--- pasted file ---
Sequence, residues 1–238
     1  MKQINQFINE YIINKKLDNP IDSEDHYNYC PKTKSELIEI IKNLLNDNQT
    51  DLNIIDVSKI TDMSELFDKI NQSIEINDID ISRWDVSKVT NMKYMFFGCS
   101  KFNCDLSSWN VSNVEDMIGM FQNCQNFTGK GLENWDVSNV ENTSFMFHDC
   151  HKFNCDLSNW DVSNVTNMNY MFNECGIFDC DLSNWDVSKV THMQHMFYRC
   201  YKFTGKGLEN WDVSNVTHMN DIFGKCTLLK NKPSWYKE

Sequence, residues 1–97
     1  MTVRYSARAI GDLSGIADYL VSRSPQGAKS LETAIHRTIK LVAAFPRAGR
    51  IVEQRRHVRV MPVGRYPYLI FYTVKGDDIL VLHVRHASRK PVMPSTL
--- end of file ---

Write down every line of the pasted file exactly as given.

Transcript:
Sequence, residues 1–238
     1  MKQINQFINE YIINKKLDNP IDSEDHYNYC PKTKSELIEI IKNLLNDNQT
    51  DLNIIDVSKI TDMSELFDKI NQSIEINDID ISRWDVSKVT NMKYMFFGCS
   101  KFNCDLSSWN VSNVEDMIGM FQNCQNFTGK GLENWDVSNV ENTSFMFHDC
   151  HKFNCDLSNW DVSNVTNMNY MFNECGIFDC DLSNWDVSKV THMQHMFYRC
   201  YKFTGKGLEN WDVSNVTHMN DIFGKCTLLK NKPSWYKE

Sequence, residues 1–97
     1  MTVRYSARAI GDLSGIADYL VSRSPQGAKS LETAIHRTIK LVAAFPRAGR
    51  IVEQRRHVRV MPVGRYPYLI FYTVKGDDIL VLHVRHASRK PVMPSTL